Saturday, April 30, 2011
My grandmother, Vivian Smith, mother to my mother, loved proverbs--those tiny sharp bites of pithy wisdom--and had one for almost any occasion. I thought, when I was a teen, that they were beneath her intellect. She was a bright woman with mostly A grades all through her early schooling and her college and university educations. Surely, she could come up with an original thought.
This from the girl who said: “See you later alligator,” and “After a while, crocodile.” “What’s life? Life is a magazine.”
Now I have adopted many of her succinct sayings: “A stitch in time saves nine.” “A bird in the hand is worth two in the bush.” “A man’s home is his castle.” “Better late than never.” “A stitch in time saves nine.” “Discretion is the better part of valor.” “He/she also serves who only stands and waits.”
There really is a saying for every occasion. “You can’t make a silk purse out of a sow’s ear,” was one of my favorites. Another, that covered the same subject was: “A goat dressed in silk is still a goat.” Perhaps there is a nuance of difference but to a little girl they carried the same impact. “A leopard cannot change his spots.”
“No one can make you feel inferior without your consent.” “Sticks and stones may break my bones, but words will never hurt me.”
Some of them, as I once pointed out to Grandma, conflict with each other. Such as: “All good things come to he who waits, Vs “All good things must come to an end.” Ask a silly question and you'll get a silly answer," Vs “There is no such thing as a silly question.” “A rolling stone gathers no moss,” Vs “Home is where the heart is.” Or: “A house is not a home.”
“You can’t judge a book by its cover” was one I heard whenever I found fault with someone else. Along with that went: “Birds of a feather flock together.” The last came into play when I was choosing friends who, according to Grandmother’s standards, were not good for me. “A person is known by the company he keeps.” “Actions speak louder than words.”
“Those who live in glass houses shouldn't throw stones.” “Those who sleep with dogs will rise with fleas.”
“A word to the wise is enough.” “Still waters run deep.” “Don't cast your pearls before swine.” “Don't count your chickens before they are hatched.”
Then there is: “Happy is the bride the sun shines on,”
“Fools rush in where angels fear to tread.”
My father also had fun with proverbs. He had a bunch of ball caps made up for his business. He owned an auto salvage yard and vehicle repair shop (and had a trucking and construction business). The caps read, tongue-in-cheek: “One man’s trash is another man’s treasure.”
“An apple a day keeps the doctor away.” That one may be more true than was supposed. “An ounce of prevention is worth a pound of cure.”
“Patience is a virtue,” was a proverb I heard often. So was: “It is better to remain silent and be thought a fool than to open your mouth and remove all doubt.”
Some of them, I think, were just family sayings. One of those was: “Ask your ma for ten cents to see and elephant dance on a fence.” To us, that meant do not follow the crowd and to, no matter what others did, dress appropriately, as the case may be.
One of my sons quotes: “A train leaves no tracks.” He claims it is a conversation-stopper because it doesn’t make sense but those pondering it often try to make it do so. They will nod wisely and wander away.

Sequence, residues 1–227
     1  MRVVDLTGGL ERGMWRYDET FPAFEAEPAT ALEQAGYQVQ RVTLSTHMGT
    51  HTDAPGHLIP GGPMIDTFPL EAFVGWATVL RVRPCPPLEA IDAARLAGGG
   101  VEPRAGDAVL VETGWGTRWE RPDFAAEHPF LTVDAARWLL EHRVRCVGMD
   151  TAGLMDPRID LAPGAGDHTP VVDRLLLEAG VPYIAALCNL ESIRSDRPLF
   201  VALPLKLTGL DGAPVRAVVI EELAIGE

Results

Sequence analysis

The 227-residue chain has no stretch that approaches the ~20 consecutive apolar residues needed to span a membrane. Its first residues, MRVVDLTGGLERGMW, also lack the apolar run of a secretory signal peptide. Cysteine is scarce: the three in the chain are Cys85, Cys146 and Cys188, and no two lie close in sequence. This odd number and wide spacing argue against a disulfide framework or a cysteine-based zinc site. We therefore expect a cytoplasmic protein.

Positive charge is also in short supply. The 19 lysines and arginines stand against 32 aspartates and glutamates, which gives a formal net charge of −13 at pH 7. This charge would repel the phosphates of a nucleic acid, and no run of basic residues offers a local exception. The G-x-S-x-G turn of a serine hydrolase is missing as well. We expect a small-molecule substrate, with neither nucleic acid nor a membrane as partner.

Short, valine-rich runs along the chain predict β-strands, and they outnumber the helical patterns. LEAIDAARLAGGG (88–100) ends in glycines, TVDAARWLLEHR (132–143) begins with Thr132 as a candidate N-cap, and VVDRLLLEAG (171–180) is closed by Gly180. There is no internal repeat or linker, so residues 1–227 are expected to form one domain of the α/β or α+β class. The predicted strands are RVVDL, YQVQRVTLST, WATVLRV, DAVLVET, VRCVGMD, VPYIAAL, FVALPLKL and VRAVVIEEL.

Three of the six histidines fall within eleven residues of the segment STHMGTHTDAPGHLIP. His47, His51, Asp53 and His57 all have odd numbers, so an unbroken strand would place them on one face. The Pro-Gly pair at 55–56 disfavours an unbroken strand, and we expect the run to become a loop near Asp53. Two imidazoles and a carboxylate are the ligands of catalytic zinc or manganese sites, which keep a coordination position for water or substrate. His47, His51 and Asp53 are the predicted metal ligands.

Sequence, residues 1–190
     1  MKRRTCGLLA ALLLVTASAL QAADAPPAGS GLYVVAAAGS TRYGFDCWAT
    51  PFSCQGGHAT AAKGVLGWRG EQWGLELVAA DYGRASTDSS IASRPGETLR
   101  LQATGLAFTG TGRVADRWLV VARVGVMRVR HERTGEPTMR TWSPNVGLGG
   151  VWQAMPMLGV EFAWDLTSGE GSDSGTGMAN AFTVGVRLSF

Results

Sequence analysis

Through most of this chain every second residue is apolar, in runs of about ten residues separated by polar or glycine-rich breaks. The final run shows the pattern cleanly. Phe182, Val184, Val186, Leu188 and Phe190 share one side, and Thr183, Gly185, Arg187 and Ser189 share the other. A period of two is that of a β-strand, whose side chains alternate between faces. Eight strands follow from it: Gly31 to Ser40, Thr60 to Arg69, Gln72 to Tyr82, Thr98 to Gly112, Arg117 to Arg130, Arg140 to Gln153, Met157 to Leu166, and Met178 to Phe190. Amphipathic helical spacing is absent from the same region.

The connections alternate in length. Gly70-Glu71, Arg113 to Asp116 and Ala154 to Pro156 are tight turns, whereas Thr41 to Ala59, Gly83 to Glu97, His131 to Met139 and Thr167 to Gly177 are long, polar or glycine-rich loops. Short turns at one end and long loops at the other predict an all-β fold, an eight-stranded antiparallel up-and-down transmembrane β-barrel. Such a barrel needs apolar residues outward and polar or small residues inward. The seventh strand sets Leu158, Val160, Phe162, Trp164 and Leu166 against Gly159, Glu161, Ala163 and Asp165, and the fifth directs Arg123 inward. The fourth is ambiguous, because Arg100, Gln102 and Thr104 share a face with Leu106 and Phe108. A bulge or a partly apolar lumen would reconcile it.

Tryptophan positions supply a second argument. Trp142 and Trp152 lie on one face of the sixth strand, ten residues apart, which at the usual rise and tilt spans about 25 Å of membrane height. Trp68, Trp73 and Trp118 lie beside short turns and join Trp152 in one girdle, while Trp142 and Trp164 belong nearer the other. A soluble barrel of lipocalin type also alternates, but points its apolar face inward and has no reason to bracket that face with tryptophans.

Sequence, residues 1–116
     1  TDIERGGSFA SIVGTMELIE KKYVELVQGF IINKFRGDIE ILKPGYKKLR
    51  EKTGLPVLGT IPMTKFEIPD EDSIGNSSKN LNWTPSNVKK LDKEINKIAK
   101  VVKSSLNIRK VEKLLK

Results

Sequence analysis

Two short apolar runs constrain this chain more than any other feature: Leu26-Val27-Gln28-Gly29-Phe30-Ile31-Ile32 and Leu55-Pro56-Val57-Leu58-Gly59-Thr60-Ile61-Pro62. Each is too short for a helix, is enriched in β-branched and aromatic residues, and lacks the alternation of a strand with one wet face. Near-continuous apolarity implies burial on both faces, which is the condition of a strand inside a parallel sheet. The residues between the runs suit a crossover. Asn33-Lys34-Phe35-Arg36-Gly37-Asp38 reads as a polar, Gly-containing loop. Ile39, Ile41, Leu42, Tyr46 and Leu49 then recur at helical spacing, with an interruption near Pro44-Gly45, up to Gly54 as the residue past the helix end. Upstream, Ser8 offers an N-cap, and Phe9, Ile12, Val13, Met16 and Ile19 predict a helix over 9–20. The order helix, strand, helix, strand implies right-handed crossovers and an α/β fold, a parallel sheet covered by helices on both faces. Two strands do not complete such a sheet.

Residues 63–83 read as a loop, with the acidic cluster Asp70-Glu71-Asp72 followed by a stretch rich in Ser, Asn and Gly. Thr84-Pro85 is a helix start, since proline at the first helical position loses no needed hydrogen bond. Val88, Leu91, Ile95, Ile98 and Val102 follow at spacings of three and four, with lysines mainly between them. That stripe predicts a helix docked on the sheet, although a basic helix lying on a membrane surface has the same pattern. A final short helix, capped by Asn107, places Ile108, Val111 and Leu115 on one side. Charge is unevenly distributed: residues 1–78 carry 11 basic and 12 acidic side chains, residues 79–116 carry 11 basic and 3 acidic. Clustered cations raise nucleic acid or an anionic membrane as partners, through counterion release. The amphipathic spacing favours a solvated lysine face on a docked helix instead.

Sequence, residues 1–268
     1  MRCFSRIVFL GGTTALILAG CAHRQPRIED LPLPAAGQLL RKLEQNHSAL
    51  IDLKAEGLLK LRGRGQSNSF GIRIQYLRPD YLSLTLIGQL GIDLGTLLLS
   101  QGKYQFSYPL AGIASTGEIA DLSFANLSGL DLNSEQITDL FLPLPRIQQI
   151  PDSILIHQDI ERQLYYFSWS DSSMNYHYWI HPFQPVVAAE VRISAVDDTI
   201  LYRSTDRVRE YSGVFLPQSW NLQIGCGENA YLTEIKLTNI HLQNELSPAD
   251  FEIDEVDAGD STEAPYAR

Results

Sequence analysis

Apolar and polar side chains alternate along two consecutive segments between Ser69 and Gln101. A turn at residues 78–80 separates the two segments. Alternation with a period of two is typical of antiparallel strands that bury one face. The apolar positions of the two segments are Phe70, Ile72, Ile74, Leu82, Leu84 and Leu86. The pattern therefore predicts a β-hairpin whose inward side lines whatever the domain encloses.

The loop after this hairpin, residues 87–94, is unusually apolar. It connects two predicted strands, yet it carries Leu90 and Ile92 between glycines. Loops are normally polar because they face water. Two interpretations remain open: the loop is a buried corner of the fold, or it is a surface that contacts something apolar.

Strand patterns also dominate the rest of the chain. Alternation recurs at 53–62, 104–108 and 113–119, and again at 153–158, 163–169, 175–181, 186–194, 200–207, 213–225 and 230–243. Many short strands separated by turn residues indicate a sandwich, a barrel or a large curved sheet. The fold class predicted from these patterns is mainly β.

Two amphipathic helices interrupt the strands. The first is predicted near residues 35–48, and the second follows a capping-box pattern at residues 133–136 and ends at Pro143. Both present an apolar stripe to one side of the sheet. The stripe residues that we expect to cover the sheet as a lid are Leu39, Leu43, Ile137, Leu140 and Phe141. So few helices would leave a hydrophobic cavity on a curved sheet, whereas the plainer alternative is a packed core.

“A fool and his money are soon parted.” Now that is a saying we could all benefit from in today’s world what with internet scams and crooks trying to take advantage of the clueless. “All that glitters is not gold.”
“A penny saved is a penny earned.” “Money doesn't grow on trees.” “Money is the root of all evil.” “Money isn't everything.” “Money makes the world go round.” “Money talks.” “You can’t get blood out of a stone.” “All work and no play makes Jack a dull boy.” “Time is money.”
Then there is: “A man who is his own lawyer has a fool for his client.” “The shoemaker's son always goes barefoot.”
“A chain is only as strong as its weakest link,” was meant to remind me that the family was counting on me to do my best. “Blood is thicker than water.” “Charity begins at home.”
“A change is as good as a rest.” Now that one may, or may not, be true. I have had some changes in my life that were truly restful and others, such as a 14-day stay in a hospital bed, that nearly drove me mad.
“A picture paints a thousand words.” “A thing of beauty is a joy forever.”
I was not a very tidy girl and I often heard: “A place for everything and everything in its place.” When I reached adulthood and was responsible for my own things, I learned that was true. “Cleanliness is next to godliness.” “Never put off until tomorrow what you can do today.” “The devil finds work for idle hands to do.”
“As you make your bed, so you must lie upon it.” “As you sow so shall you reap.”
“A prophet is not recognized in his own land.”
“Adversity makes strange bedfellows.” Contrast that with: “Politics makes strange bedfellows.” “Those who do not learn from history are doomed to repeat it.” “Those who live in glass houses shouldn't throw stones.” "The best-laid schemes of mice and men often go astray."
The proverb I needed most? “Brevity is the soul of wit.”
Sunday, April 24, 2011
First Easter morn, a world asleep;
Awake, arise, all you who weep.
For on this holy day we find,
Our Savior, Lord, freed all mankind;
Saved from death all those who wept,
Emmanuel His promise kept.
By Myrna Trauntvein
Copyright by Myrna Trauntvein, April 24, 2011